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High Prize Awaits City Of The Future

300px David Willetts High Prize Awaits City Of The Future
English: David Willetts speaking at the Big Society policy launch, Coin St, London. (Photo credit: Wikipedia)

UK – £24m of Government funding has been promised to one enterprising British city. The Future Cities Demonstrator competition to find ‘a city for the future’ was launched earlier this week by The Technology Strategy Board (TSB).

 To be eligible for a grant application a city or urban area must have at least 125,000 residents. From the applicants, twenty will be chosen and each awarded a £50k grant to trial the viability of their plans. One of them will be the winner of the £24m, with which they will produce a large-scale demonstration model of their scheme.

The TSB will require applicants to determine methods of integrating transport, communications and public services to boost the local economy. Applicants will also have to show how they plan to enhance their society’s well-being and lessen environmental impact. These factors must be taken into account when cities tailor their proposals.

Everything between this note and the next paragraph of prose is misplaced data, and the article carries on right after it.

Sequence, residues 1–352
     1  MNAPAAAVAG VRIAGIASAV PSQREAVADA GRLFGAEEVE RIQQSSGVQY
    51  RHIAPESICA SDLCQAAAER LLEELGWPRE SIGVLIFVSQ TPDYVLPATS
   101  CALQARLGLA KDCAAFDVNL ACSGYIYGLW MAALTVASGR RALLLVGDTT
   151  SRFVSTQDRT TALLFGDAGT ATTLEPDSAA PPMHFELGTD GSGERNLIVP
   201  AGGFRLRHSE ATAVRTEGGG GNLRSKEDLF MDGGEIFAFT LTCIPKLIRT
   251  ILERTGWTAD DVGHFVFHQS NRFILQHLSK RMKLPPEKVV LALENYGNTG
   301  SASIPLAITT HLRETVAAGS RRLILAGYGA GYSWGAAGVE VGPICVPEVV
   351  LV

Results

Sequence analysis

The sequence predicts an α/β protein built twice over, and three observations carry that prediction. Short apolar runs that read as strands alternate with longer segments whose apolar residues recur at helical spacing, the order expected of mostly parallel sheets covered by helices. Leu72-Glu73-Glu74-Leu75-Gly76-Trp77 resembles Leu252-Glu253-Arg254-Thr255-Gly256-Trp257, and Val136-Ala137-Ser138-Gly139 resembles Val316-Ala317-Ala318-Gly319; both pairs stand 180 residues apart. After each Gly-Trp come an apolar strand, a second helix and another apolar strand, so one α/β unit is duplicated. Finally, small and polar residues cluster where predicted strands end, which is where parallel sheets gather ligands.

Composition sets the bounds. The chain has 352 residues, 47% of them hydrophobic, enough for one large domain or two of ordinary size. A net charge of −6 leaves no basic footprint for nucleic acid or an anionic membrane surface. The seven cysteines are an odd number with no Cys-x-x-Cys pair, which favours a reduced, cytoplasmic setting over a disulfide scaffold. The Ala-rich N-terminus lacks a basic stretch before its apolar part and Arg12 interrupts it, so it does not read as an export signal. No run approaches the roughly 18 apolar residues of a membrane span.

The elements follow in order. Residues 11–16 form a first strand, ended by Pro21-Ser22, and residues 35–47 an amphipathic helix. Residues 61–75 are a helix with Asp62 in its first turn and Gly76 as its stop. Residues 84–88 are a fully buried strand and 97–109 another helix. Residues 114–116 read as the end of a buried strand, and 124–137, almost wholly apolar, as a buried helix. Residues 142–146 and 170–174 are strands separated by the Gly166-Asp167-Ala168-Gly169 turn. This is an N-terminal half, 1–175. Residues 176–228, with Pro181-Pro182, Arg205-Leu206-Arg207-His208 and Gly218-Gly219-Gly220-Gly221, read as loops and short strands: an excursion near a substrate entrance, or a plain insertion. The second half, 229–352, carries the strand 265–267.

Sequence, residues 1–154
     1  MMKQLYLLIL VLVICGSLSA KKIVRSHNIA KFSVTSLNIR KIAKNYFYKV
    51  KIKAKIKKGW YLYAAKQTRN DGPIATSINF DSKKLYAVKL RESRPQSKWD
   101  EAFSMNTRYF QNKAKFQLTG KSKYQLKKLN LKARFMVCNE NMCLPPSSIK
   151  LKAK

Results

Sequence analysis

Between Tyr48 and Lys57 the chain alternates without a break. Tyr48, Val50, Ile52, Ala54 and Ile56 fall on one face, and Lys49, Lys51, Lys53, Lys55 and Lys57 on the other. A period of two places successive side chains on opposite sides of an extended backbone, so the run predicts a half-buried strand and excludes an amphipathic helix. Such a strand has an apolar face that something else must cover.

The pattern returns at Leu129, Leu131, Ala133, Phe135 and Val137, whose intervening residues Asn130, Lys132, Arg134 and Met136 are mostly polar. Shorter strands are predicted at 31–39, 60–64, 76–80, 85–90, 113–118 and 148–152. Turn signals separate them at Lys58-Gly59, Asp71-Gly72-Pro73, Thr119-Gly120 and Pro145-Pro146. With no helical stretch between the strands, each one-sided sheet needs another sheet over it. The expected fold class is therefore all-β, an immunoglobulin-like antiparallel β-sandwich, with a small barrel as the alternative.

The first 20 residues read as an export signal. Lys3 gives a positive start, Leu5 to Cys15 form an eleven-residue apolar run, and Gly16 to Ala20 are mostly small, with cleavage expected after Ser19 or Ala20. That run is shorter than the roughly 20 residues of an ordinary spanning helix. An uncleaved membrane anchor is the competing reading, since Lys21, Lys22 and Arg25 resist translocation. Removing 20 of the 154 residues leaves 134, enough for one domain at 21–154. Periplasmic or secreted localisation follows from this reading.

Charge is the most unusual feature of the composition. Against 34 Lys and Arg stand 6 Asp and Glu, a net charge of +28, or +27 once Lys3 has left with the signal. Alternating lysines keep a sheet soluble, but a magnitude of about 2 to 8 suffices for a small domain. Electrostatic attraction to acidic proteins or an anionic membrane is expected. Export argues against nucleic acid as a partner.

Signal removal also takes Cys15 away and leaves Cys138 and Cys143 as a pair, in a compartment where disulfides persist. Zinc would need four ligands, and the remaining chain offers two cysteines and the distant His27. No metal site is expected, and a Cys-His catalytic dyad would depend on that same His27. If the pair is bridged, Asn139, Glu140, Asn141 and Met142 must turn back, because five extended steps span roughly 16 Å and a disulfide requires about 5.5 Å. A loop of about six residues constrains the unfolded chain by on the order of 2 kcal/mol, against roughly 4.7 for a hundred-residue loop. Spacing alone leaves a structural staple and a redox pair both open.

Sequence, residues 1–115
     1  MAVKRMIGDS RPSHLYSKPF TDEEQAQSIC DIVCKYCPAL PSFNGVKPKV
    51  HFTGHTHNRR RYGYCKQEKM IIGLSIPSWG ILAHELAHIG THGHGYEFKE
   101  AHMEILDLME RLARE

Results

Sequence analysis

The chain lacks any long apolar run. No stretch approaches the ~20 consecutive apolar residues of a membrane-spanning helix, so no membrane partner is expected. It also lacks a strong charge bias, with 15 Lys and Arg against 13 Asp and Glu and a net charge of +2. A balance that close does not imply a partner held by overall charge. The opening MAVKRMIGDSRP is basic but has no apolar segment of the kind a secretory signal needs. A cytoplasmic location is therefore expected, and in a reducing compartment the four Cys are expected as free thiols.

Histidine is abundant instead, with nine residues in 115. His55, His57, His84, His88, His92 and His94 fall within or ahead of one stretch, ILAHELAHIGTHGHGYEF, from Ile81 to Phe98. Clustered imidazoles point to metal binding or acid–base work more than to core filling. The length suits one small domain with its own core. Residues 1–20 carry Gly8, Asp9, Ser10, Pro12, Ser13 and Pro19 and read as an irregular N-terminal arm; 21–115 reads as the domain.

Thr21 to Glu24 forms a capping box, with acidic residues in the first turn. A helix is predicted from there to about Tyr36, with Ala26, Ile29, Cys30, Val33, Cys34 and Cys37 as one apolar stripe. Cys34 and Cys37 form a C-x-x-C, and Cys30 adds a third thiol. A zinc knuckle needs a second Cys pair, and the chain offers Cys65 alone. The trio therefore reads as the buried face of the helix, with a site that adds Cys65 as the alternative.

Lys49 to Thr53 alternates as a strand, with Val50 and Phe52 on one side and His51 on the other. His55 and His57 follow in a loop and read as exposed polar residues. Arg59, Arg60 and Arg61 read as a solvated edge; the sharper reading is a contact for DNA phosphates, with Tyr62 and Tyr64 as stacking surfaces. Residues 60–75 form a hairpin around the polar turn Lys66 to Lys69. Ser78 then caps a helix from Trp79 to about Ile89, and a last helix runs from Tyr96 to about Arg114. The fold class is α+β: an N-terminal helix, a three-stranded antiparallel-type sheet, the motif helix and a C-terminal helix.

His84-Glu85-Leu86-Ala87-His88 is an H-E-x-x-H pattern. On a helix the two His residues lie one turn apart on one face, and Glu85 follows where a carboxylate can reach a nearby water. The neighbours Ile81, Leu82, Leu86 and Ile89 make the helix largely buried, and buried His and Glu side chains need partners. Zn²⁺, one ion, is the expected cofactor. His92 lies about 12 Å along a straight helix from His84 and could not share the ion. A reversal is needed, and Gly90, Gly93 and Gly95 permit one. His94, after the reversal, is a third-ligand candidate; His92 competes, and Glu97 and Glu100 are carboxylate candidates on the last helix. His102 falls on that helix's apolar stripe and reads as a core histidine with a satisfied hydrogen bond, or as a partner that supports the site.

David Willetts, the Minister of State for Universities and Science, said that with ongoing technological advancements people cannot expect their cities to remain static. They are up against major challenges such as ever-changing populations and demographics, congestion, waste and pressure both on resources and services — all of which stress the requirement for our cities of the future to have in place the best available, cohesive substructure in order to address these challenges.

TSB’s chief executive Iain Gray spoke about future cities gaining from innovative approaches from companies seeking to compete in providing them with resourceful, robust and attractive environments. He said that the UK is well placed to take advantage of this increasing demand having world-leading companies in diverse fields.

The government’s objective is for the programme to foster debate and offer  multinationals and home grown enterprises an incentive to work in conjunction with cities to create more effective, integrated systems and commodities while enabling them to test systems that may already be in the pipeline.

Fifty per cent of the world’s population currently reside in urban areas. Predictions that in less than twenty years approximately five billion people will live in urban areas should provide the necessary impetus for change to bring about city living environments that are more sustainable.

Until then, this competition could provide cities and companies with the chance to trial and evaluate new ideas and realise the results earlier than they ever anticipated.

 High Prize Awaits City Of The Future

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